U2 Vertigo Tour
Vertigo Tour 5th leg: The Pacific
Review: U2, Kanye West, at Mt Smart Stadium(published on 2006-11-25)
Source: The New Zealand Herald
By Russell Baillie
They might have not played here for 13 years, postponed for another 8 months and then got delayed coming on stage because of the rain which cleared on cue (thanks to the man upstairs, possibly).
But U2 more than made up for their tardiness with a riveting, affecting and boldly passionate show before the first of two sold-out Mt Smart stadium crowds.
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It was one which neatly binded the songs of their 21st century albums to their breakthrough days of the 80s, leaving their often confusing, intervening decade largely untouched. That worked a treat, whether it was leaping back in time to early single I Will Follow or causing happy pandemonium - complete with a visual message about the plight of Africa - during The Streets Have No Name.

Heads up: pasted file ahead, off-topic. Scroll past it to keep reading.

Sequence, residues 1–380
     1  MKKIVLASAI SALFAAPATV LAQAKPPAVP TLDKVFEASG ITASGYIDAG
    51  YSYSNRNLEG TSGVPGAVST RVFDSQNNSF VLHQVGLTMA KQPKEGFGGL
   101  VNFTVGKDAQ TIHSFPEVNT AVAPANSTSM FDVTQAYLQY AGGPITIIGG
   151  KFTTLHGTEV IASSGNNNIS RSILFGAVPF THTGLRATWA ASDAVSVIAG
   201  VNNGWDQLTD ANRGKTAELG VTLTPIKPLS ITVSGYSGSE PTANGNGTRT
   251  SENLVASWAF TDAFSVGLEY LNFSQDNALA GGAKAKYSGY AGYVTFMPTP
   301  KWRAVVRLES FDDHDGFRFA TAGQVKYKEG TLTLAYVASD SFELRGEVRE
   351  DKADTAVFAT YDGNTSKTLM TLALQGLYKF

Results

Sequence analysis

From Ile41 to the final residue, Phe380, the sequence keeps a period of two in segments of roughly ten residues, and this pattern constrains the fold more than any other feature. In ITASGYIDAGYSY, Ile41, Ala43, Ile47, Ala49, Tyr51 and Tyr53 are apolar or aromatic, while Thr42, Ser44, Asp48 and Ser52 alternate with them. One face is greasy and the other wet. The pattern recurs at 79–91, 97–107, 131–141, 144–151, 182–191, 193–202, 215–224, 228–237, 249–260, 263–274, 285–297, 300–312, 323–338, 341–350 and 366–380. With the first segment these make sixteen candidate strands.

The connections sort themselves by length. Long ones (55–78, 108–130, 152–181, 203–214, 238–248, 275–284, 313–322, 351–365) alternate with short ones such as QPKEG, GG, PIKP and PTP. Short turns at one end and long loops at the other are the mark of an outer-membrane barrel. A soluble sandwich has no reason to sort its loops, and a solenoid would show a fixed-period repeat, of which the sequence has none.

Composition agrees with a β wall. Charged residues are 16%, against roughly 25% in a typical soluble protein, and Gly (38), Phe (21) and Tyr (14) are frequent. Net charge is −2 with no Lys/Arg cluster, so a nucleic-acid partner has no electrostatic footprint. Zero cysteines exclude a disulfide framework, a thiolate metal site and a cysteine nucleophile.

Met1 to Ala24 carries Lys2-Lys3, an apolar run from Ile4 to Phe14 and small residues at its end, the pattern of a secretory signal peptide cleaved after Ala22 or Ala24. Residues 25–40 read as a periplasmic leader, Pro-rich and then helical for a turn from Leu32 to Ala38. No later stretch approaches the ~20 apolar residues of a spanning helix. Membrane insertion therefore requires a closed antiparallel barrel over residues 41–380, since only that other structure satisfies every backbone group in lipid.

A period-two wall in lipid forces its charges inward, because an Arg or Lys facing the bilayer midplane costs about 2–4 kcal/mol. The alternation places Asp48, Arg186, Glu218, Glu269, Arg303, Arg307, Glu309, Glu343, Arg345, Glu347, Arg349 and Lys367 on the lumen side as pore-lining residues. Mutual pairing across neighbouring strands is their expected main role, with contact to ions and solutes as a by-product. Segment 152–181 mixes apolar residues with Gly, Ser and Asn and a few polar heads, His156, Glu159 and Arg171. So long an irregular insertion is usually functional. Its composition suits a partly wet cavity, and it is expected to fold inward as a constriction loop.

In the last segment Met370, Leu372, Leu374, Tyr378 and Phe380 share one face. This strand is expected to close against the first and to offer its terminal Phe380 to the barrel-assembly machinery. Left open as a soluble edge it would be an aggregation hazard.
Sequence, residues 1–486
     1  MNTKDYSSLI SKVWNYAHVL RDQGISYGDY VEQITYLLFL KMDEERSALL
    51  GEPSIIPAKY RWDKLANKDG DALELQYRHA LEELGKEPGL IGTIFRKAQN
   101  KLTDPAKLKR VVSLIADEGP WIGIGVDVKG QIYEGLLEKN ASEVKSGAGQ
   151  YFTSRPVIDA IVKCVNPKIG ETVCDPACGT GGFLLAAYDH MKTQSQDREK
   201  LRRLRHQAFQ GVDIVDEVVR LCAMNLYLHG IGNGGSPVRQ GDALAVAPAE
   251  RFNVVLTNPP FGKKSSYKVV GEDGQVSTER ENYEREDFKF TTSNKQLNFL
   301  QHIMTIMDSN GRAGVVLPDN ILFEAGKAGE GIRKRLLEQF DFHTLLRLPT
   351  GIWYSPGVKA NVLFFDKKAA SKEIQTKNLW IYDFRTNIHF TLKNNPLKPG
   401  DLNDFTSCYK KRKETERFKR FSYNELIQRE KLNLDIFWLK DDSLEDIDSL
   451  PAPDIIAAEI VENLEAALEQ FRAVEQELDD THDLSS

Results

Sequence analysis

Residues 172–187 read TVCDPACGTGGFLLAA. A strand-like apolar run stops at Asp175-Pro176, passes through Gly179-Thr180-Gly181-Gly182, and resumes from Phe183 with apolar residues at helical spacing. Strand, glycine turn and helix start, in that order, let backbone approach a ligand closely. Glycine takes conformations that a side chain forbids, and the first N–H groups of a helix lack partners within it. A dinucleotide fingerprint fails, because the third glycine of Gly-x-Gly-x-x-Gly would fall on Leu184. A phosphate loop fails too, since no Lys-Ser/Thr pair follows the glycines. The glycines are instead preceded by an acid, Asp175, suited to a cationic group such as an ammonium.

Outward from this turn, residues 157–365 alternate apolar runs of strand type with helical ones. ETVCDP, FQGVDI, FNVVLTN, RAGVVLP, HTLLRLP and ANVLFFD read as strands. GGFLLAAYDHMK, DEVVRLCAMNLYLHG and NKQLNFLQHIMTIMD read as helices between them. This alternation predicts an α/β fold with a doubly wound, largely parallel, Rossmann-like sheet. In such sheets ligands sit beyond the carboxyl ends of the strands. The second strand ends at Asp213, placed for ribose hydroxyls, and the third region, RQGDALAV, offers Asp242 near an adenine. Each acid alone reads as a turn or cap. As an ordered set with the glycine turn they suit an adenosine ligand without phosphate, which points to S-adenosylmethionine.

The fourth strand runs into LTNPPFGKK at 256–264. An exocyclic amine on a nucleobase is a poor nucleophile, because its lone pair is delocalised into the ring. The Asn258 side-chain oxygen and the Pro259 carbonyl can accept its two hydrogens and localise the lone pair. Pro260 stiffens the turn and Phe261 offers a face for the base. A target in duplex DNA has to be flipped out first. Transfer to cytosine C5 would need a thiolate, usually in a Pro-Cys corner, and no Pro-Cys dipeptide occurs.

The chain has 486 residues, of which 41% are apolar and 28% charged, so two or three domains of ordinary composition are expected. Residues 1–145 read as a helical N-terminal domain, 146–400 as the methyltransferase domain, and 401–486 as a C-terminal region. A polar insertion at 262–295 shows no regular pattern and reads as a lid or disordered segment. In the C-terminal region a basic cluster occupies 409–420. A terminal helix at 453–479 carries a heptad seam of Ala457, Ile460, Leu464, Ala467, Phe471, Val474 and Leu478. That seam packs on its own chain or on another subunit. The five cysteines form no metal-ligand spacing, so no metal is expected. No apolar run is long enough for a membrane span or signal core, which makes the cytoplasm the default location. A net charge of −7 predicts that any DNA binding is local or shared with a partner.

It was a show to remind that whatever you think of Bono and his campaigning ways, the man sure can sing - among the night's most affecting highlights was his ode to his late father Bob, Sometimes You Can't Make It On Your Own. While later in Miss Sarajevo he easily ascended the original's Pavarotti bit.
And he and band figured out some canny ways of connecting to their NZ fans. There were rewritten lines in Beautiful Day referencing the long of the long white cloud and aroha. That was followed by One Tree Hill with a tribute to late Kiwi U2 crew member Greg Carroll who inspired what is still a grand song, while the light show glowed with koru patterns. And one of the other lyrics songs that Bono magpied into U2's lyrics was Four Seasons in One Day, though there were snatches of the Beatles, the Clash and others throughout.
Also sampling up a storm was opening act hip-hop megastar Kanye West who did his best in his early set battling against the elements and a certain lack of projection into the arena. But he departed grateful, saying it had been the warmest welcome he had got on his U2 excursion Down Under.
The U2 set did hit its own damp patch mid set with Bono's bit of blindfolded political street theatre out on the extended ramps in the aftermath Bullet the Blue Sky. But the performance soon regained an energy which sustained and inspired all the way through to the encores.
For the most part, it was a performance that managed to do the impossible of a stadium show - marry real emotional punch to extravagant gesture.
Often plagiarised, never matched.